Fig. 3
figure3

Systemic damage provoked by three types of random shocks for increasing values of the scaling parameter c

The actual fragility crucially depends on how the exogenous shock is applied and the relative market size of the network. When the most popular stocks get hit and c=10, Hor and H2 are the most risky scenarios and undergo similar damages. The shuffled network H1 is significantly safer. As H2 preserves strongly connected stocks while shuffling avoids them, we guess that in this case the effects of hubs dominate. When the shock affects the most owned stocks (those with the highest h), the systemic damage reduces, especially in scenarios H1 and H2, while the real network is the most risky. Under scheme “h-targets”, weights play a crucial role and the gap between Hor and H2 is most evident. However, when all stocks in the market receive a shock (“all-targets” case), we observe a reversal of the damage curves, with Hor becoming the safest configuration and H1 the most fragile. This is a major point, because market crashes can come with negative returns that are widespread across stocks. The figure also shows that the systemic damage becomes saturated after just few periods, which supports consideration of our framework for stress testing holdings networks over short time horizons. Similar trends are observed when c=100 but with a reduced damage, as expected since stocks have larger market depths. When c=2, the network accounts for half the market and Hor still provides the most robust scenario in front of a shock that interests all the stocks. Unexpectedly, in this case it is also the most robust under the “k-targets” stress test.

What are the systemic effects of making portfolios less concentrated? Figure 4 shows the damage ratio for each balanced scenario to its unbalanced counterpart and provides an answer.

Fig. 4
figure4

Ratio of the systemic damage in each balanced scenario to the damage in the corresponding unbalanced configuration, with respect to the three kinds of random shocks and for increasing values of the scaling parameter c

Again, it depends on the network topology and portfolio weights distribution, as well as strongly on how we stress the system. For targeted shocks, rebalancing real portfolios is beneficial as long as the network is relatively small, while for c=2 a more diversified network with the real topology eventually becomes more risky. In front of a widespread shock, rebalancing is always detrimental to Hor after a while. The systemic loss is between few points and 30% larger than it was for the original network, depending on c, and such negative systemic effect persists over time. Turning to random model H1, rebalancing has slightly positive effects under unselective shocks. Under targeted shocks, increasing diversification results in a more risky network, with the exception of c=10 where H1,b turns safer after a transient. Model H2 behaves qualitatively like Hor in the “k-targets” stress test, while the effects of rebalancing for this model are more similar to H1 in the other cases. Noteworthy, when we target the most owned stocks, the negative effects of rebalancing for H2 are severe and persistent over time for all values of c. It also worth noting that in some circumstances, the effect of rebalancing depends critically on the number of periods elapsed. It can start positive and become negative after a transient, or the other way round.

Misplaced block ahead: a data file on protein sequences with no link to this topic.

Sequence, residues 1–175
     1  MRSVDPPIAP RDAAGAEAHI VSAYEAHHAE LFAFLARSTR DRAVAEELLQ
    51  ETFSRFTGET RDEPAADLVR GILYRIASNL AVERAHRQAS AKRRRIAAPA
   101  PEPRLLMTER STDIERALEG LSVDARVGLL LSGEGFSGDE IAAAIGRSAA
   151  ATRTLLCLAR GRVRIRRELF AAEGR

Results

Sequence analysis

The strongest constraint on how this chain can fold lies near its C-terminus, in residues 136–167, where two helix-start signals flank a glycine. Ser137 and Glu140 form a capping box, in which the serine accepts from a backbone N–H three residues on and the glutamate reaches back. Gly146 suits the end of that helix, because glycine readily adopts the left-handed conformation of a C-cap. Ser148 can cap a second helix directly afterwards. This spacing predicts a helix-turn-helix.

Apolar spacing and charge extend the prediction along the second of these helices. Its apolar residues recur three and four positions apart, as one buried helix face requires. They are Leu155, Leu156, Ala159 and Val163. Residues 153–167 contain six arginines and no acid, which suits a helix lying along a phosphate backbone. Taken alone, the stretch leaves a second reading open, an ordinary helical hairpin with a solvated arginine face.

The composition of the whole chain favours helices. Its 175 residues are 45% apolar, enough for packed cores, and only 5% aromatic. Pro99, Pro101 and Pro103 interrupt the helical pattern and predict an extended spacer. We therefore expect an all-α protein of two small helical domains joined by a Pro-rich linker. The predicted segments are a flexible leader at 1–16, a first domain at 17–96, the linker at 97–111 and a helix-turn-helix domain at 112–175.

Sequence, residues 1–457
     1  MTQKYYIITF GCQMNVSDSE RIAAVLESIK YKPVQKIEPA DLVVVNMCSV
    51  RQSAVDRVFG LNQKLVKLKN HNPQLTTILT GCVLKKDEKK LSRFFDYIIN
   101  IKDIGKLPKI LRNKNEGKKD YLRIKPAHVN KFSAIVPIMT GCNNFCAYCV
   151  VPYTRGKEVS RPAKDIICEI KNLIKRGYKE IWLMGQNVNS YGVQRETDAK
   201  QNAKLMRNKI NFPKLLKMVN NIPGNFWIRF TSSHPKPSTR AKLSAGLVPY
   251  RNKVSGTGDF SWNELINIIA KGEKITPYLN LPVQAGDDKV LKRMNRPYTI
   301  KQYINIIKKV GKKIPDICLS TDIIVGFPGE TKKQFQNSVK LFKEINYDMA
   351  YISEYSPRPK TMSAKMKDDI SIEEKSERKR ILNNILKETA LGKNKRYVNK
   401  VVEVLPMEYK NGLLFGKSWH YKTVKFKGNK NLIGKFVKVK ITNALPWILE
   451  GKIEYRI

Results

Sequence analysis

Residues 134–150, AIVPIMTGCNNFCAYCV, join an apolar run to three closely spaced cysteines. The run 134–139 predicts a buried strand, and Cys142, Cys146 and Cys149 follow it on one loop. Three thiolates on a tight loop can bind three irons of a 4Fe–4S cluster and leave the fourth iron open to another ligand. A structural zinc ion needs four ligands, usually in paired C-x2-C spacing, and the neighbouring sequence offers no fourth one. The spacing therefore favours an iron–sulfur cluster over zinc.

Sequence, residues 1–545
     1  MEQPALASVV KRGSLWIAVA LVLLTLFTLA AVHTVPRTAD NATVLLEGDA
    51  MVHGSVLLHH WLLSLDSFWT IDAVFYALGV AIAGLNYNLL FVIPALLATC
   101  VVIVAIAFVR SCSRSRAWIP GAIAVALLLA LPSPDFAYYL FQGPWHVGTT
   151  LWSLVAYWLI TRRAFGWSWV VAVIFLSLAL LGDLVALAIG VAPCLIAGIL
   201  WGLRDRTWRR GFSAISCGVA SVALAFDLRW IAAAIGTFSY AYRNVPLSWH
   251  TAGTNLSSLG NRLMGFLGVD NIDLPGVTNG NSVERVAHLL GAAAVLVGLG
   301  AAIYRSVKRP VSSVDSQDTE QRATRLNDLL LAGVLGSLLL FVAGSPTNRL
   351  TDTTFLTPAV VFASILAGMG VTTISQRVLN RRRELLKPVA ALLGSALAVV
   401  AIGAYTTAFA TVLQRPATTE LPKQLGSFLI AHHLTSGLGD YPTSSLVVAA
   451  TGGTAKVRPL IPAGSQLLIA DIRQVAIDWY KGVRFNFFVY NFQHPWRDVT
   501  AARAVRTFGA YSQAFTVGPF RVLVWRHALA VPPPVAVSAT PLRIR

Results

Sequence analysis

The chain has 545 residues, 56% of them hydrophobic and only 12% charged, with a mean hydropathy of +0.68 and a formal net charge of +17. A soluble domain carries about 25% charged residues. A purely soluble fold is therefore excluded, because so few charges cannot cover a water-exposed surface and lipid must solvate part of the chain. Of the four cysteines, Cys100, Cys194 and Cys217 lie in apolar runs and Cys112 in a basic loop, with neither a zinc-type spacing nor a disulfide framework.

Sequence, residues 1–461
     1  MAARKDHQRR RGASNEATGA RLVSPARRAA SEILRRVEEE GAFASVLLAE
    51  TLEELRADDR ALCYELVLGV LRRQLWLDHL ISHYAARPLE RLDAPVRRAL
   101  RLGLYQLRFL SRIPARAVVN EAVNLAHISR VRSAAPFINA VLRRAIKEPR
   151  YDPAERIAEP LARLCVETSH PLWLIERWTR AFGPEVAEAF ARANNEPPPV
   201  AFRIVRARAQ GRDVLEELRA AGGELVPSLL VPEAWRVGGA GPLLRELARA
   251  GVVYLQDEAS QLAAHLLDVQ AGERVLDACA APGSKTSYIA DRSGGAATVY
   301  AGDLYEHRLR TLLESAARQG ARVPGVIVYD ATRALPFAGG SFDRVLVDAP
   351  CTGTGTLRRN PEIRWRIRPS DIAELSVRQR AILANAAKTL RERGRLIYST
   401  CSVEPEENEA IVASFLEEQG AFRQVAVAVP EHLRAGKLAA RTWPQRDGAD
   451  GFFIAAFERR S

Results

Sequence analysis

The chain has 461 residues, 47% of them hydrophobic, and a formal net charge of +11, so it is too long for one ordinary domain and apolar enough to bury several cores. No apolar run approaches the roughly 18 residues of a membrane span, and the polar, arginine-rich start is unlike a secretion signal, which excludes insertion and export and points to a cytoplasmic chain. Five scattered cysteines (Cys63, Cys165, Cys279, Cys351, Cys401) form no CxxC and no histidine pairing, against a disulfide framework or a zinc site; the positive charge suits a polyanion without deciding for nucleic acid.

We can abridge the most of these findings in the representations of Figs. 5 and 6.

Fig. 5
figure5

Systemic damage versus the normalized average diversification of the corresponding network at T=5 for c=10

Fig. 6
figure6

Systemic damage versus the normalized average similarity of the corresponding network at T=5 for c=10

In the first figure the systemic loss after half the trading periods is shown against the normalized network diversification. No evident correlation can be detected in this case and, to parity of diversification, fragility is strongly mediated by the type of shock applied and the relative size of the network. In Fig. 6 a comparison of the systemic loss and the corresponding normalized network similarity is performed.

We still have a strong interplay between fragility, network size and shock type. However, a positive correlation between the systemic damage and the average similarity is observed under targeted shocks, with a Pearson correlation coefficient of ρk=0.3 and ρh=0.6 respectively. Such correlation becomes negative under unselective shocks, corresponding to ρall=−0.3. This figure delivers useful insight on the effects of investment similarities and we believe that the previous findings represent a major contribution of this work.

Conclusions

Nowadays, it is of the utmost importance to quantify riskiness in financial systems, especially when investments in foreign assets can provide a global outreach to the propagation of financial distress. Depending on market conditions and the simultaneous activity of investors, a systemic risk component may emerge if diversification strategies are similar. Such effect was suggested in Delpini et al. (2019), and supported by simulations of distress propagation in the holdings network of US mutual funds. The random models behind that analysis were admittedly simple. It was assumed that funds can reallocate their positions freely, without any constraints on the amount of shares available from the market. Also, that analysis did not take into consideration the possibility for asset managers to increase diversification by balancing positions without modifying the network’s topology.